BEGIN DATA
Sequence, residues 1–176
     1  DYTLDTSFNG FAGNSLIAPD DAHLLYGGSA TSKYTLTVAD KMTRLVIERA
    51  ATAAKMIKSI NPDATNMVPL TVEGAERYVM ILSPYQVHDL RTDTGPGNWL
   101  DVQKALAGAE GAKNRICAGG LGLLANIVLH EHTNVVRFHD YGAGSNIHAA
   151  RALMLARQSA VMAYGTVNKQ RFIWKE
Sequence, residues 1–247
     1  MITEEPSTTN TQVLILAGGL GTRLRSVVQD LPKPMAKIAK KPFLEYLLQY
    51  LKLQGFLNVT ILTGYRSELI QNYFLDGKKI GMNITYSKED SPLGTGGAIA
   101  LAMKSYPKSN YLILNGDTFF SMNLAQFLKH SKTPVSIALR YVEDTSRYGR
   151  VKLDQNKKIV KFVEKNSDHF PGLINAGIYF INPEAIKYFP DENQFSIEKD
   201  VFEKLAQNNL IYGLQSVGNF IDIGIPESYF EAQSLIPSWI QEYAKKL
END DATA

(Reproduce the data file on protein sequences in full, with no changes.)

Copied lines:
Sequence, residues 1–176
     1  DYTLDTSFNG FAGNSLIAPD DAHLLYGGSA TSKYTLTVAD KMTRLVIERA
    51  ATAAKMIKSI NPDATNMVPL TVEGAERYVM ILSPYQVHDL RTDTGPGNWL
   101  DVQKALAGAE GAKNRICAGG LGLLANIVLH EHTNVVRFHD YGAGSNIHAA
   151  RALMLARQSA VMAYGTVNKQ RFIWKE
Sequence, residues 1–247
     1  MITEEPSTTN TQVLILAGGL GTRLRSVVQD LPKPMAKIAK KPFLEYLLQY
    51  LKLQGFLNVT ILTGYRSELI QNYFLDGKKI GMNITYSKED SPLGTGGAIA
   101  LAMKSYPKSN YLILNGDTFF SMNLAQFLKH SKTPVSIALR YVEDTSRYGR
   151  VKLDQNKKIV KFVEKNSDHF PGLINAGIYF INPEAIKYFP DENQFSIEKD
   201  VFEKLAQNNL IYGLQSVGNF IDIGIPESYF EAQSLIPSWI QEYAKKL